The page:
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#SQL30 Day 9: Longest Span

Welcome to the SQL showdown series!

What is this and how does it work?

I'm committing to publishing a SQL challenge every day for 30 days. In each post I'll describe my solution to the last day's challenge. I'll follow that up with a full description of the challenge for the next day.

Write your own solution in the comments! Let's see who can come up with the most creative solutions.

I'll add connection details for a PostgreSQL database containing test data for the challenge. Solutions are by no means limited to PostgreSQL, but it's there if you want an easy way to test your query!

Challenge #9: Longest Span

For this challenge we'll revisit the stock market data from #2, but this time we'll try something a bit more difficult.

Here's the challenge:

Given a table of daily trading data, can you find the longest stretch of consecutive days during which the stock price rose?

Here's an example output showing roughly what you're looking for.

Alt Text

Sandbox Connection Details

I have a PostgreSQL database ready for you to play with.

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The password is the same as the username! To query the stockprice table:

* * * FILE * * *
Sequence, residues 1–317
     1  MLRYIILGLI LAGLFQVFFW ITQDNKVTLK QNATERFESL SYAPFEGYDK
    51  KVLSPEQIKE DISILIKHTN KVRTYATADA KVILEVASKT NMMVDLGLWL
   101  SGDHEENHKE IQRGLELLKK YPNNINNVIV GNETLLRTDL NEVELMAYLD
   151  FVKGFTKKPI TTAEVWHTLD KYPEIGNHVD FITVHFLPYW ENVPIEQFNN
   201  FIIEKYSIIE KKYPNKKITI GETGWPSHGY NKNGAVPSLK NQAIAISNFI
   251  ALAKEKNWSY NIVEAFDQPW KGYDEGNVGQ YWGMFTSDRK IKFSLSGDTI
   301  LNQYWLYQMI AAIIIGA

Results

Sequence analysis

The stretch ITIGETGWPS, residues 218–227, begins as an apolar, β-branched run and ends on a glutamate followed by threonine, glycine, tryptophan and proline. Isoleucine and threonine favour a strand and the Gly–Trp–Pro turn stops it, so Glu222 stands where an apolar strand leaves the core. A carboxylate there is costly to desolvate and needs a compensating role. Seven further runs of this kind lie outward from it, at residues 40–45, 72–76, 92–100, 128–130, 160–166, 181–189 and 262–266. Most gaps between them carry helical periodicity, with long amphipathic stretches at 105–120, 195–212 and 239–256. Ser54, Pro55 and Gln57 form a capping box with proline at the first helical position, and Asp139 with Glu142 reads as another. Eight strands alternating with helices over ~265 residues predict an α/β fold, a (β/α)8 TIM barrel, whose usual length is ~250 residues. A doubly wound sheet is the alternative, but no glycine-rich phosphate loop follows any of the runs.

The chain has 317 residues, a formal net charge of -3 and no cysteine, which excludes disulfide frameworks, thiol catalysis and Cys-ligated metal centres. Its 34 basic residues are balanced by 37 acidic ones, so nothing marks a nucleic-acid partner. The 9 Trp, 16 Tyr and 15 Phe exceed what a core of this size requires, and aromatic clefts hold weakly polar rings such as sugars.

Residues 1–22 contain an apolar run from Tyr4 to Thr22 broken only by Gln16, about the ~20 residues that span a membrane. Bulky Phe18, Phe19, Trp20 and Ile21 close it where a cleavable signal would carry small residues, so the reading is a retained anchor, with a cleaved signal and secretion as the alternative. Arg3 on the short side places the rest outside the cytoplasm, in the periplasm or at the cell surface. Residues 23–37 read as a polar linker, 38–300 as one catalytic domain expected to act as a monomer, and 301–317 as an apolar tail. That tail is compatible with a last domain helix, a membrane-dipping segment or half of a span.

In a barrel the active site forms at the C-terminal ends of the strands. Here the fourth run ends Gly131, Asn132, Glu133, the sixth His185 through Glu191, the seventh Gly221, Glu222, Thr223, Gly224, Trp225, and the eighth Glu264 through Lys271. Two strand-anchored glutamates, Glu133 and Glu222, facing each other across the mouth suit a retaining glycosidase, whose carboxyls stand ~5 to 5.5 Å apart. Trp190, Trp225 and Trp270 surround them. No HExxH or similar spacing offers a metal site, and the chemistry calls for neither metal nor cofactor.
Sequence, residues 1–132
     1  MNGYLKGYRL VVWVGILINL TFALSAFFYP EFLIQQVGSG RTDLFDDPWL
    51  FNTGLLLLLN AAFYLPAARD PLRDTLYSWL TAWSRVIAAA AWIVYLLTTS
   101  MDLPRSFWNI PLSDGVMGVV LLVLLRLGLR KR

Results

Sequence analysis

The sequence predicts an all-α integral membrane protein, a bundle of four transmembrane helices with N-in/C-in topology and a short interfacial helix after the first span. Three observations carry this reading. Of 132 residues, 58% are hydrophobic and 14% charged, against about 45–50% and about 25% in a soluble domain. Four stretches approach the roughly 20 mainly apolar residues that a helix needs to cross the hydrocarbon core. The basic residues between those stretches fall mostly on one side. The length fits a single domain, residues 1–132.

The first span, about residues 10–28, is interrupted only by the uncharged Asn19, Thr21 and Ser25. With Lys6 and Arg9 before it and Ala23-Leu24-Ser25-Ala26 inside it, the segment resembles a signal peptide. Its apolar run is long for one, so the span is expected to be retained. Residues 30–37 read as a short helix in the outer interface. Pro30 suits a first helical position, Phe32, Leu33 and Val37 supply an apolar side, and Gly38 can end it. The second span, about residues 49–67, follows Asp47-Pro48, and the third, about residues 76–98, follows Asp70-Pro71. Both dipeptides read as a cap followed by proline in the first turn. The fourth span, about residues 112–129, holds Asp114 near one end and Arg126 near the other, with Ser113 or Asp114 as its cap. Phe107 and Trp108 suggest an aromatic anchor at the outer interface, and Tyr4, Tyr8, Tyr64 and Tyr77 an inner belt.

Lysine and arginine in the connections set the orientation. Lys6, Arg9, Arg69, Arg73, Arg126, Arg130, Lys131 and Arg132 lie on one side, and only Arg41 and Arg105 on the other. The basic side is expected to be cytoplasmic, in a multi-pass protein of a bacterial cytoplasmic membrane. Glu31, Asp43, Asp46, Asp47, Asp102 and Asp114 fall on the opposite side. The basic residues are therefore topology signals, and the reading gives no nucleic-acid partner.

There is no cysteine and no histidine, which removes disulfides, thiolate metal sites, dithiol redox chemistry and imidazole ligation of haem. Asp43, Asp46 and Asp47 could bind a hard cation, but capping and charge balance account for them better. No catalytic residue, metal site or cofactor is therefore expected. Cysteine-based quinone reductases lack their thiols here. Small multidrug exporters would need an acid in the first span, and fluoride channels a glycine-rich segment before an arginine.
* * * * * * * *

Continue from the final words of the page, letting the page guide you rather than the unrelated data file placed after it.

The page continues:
SELECT * FROM day9.stockprice;

Solution to Challenge #8: Duplicates

This is the question we were trying to answer with yesterday's SQL challenge:

Can you write a select query that could be used in a delete statement to make the rows of a table unique according to a natural key?

The solution to this question proved to be trickier than I would have thought. If we wanted to delete all instances of any employee that had duplicates, it would be fairly easy.

DELETE FROM day8.employee WHERE name IN (
  SELECT name FROM day8.employee GROUP BY name HAVING count(*) > 1

Unfortunately, the above query will remove any employee with duplicates entirely from the table. We want exactly one reference to each employee.

One means of doing this would be to group the employees by name, and then assign a rank to each row in the group. We could then delete all rows from each group that aren't the first occurrence.

WITH employee_rnk AS (
  SELECT row_number() OVER (PARTITION BY name) AS rnk, name FROM day8.employee
DELETE FROM day8.employee s USING employee_rnk r WHERE = AND r.rnk != 1;

The row_number() window function will assign an increasing integer value to each row of a partition.

The USING clause in a delete statement acts essentially the same as having multiple tables listed in the FROM part of a query.

Unlike SQL Server, you can't perform a join inside of a delete in PostgreSQL, but oddly enough, you can put tables together by combining USING and a WHERE clause. Once the table and the CTE are joined together, it's just a matter of filtering down to where the row number is not equal to 1, indicating a duplicate to be deleted.

Good luck!

Have fun, and I can't wait to see what you come up with! I'll be back tomorrow with a solution to this problem and a new challenge.

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